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Author Notes: I love rustic Italian ragùs made with game. Much of the time I’ve spent in Italy has been in woodsy locales in Umbria and Tuscany, awakening to the sound of gun shots as hunters blasted away at stuff running through the fields or flying in the air. For some reason waterfowl seldom seemed to be involved despite Italy’s many lakes. In researching duck recipes (anatra or papera) most I looked at came from either the Veneto (and had more in common with France) or from the Abruzzo. My recipe is I think closer to the latter style, although I use many of the same elements I would for an Umbrian ragù.
Most such ragùs use olive oil. But, because when buying duck breasts, I’ve found that the weight is about half skin and fat, as a frugal cook I like to incorporate both rather than waste them. But care needs to be taken in rendering the fat.
“Paperino” is “Donald Duck” in Italy in case you care.
- 1 1/2 pounds boneless duck breast with skin
- 1 medium red onion, chopped
- 1 carrot chopped in small dice
- 1 clove garlic, crushed and chopped
- 1 small branch rosemary (leaves stripped off and finely chopped)
- 3 -5 fresh sage leaves, roughly chopped
- 1/2 stick cinnamon
- 5 -6 juniper berries, about 1 tablespoon
- 5 whole cloves
- 8 black (or white) peppercorns
- 1 tablespoon balsamic vinegar (I use fig balsamic but that’s a minor nuance)
- 1 tablespoon tomato paste (you buy it in the tube, right?)
- 1 splash Grand Marnier (optional)
- 1/2 cup dry red wine
- 1 cup poultry stock (ideally, duck stock but a brown chicken stock is fine)
- 1 tablespoon fresh grated orange zest
- 1 9-10 ounce package of pappardelle pasta (Rustichella d’Abruzzo brand highly preferred)
- Grated pecorino cheese
- Prepare your mise en place of onion, carrot and garlic
- In your cro-magnon mortar grind up the juniper, cinnamon, rosemary, peppercorns and cloves together. Or use a spice grinder. Just don’t turn them into gun powder.
- Now address the duck. “Good afternoon, Paperino.” “Ppphhwwwwaaaaapphqquaccccckkkkk, AFLAC”!
- Remove the skin and fat from the duck breasts. You can accomplish most of this bare knuckled but use a sharp knife to trim any stragglers. With that same sharp knife cut the meat into ¼” bits. They don’t have to be totally uniform. DO NOT DISCARD THE SKIN!
- Heat up the heavy pot in which you will cook your ragù over medium flame. Place the skin pieces fat side down in the pot. Remain vigilant. Render as much fat as you can from the skin, working vigilantly. Duck fat has a low smoke point so don’t let the skin pieces burn or you will have to discard the oil and start over, because your ragù will be very bitter if you fail to pay attention. When you think you have rendered as much fat as possible remove the skins and set aside. There should be a lot of fat here. Off heat ladle out all but about 2 tbs of that fat. But ladle that stuff into a jar or something and refrigerate. It’s like holding a little bit of gold in your fridge. Great for frying potatoes in, so don’t waste it.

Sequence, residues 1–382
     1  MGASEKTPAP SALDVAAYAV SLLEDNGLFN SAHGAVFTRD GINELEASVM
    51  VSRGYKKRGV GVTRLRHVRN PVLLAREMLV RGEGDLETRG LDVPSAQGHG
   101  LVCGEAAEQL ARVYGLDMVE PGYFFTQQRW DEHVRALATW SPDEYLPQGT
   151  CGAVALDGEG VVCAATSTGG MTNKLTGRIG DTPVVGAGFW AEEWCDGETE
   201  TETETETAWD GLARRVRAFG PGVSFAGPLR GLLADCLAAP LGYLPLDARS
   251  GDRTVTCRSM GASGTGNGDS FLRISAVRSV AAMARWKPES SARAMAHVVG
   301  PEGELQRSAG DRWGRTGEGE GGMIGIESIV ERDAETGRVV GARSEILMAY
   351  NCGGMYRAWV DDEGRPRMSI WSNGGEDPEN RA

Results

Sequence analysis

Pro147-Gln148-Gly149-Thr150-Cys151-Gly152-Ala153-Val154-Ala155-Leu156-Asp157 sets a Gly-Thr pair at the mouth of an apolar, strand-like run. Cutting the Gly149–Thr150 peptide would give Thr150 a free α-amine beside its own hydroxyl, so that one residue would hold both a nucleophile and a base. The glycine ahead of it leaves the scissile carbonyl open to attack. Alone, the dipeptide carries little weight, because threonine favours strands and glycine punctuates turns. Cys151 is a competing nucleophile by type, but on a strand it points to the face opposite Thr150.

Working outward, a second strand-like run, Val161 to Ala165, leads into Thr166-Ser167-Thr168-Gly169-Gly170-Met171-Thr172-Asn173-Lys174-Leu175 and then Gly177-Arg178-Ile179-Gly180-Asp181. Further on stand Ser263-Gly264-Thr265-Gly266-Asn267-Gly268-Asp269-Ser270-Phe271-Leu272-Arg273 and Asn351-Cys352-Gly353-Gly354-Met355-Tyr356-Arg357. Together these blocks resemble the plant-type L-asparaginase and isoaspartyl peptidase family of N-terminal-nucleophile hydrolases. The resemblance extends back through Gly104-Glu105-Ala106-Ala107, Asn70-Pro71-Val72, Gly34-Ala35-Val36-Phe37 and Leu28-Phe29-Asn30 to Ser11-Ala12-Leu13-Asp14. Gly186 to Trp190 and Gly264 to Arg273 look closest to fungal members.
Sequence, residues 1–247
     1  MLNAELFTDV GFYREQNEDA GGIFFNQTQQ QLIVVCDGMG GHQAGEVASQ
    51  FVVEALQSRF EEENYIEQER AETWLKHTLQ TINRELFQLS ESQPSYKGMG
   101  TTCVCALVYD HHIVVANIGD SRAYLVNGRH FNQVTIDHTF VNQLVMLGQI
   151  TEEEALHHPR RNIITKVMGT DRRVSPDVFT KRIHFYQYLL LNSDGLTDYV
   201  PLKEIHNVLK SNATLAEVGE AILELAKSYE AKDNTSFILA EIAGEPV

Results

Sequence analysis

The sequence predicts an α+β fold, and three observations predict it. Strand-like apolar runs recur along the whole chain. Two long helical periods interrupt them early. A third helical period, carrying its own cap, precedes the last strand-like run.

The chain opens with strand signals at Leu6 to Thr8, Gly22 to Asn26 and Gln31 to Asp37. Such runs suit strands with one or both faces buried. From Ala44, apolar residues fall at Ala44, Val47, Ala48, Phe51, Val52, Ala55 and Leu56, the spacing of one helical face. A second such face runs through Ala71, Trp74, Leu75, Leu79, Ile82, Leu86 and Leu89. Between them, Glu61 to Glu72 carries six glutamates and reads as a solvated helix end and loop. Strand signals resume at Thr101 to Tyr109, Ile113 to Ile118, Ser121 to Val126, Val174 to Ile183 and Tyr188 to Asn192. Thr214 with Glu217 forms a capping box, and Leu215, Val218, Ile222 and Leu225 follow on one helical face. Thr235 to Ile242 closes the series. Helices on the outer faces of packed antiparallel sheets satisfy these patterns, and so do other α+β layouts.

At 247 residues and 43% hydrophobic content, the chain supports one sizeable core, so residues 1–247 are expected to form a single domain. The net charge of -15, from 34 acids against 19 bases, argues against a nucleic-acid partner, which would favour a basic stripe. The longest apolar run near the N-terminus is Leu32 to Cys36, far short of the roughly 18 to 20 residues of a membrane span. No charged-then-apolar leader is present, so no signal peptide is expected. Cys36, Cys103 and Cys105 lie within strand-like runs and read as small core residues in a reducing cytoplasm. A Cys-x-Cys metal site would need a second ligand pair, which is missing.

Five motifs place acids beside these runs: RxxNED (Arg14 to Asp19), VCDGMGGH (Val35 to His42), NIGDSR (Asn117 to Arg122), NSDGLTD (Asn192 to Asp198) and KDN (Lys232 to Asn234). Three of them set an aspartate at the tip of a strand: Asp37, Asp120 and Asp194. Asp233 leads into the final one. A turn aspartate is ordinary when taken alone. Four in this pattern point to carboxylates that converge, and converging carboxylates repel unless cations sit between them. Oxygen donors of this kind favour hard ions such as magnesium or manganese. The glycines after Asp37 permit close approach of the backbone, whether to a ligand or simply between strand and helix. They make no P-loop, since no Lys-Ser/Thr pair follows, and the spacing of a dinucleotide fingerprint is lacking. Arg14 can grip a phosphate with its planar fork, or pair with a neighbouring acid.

- Return the pot to heat and add your mise. Season with salt and pepper as you go. Give it some color and push to the back of the pot. Add the duck and color that as well, but don’t brown it or it will become way too chewy. Add the splash of Grand Marnier (if using) and let the alcohol cook off.
- Stir in the herbs and tomato paste and aromatize your kitchen. Let this cook for five minutes or so.
- Add the vinegar, followed by the wine. Add the stock. Taste for salt. Reduce to a simmer. Cover and allow to cook for up to two hours. This tends to be a wet sauce.
- Cook the pasta
- Zest the orange and add that to the ragù.
- Plate up the pasta. Top with a ladle of ragu and grating of pecorino on each individual plate.
- Notes to cook: I’m serious about not burning the skin. I’ve done it accidentally and now I don’t. Pay attention to that. Please don’t waste that wonderful duck fat. Also, I kind of like to toss at least one piece of that skin into the ragu as it simmers down, just amping up the duck flavor. You don’t have to serve it, you can discard it like a bay leaf after, but you might want to consider the technique.
- ....the recommended pasta, “Rustichella d’Abruzzo” is the best dried pasta in all of Italy. Their extruded shapes are still made using bronze (as opposed to Teflon) dies. It’s more expensive than Ronzoni or Barilla of course but worth it. If you are an able hand at making pappardelle from scratch, by all means go at it. I do from time to time. But this is one of those cases where the pasta is so good that you shouldn’t have to bother. Probably 90% of the ristoranti, trattorie, osterie in Italy use commercial pasta. I can name some that don’t.
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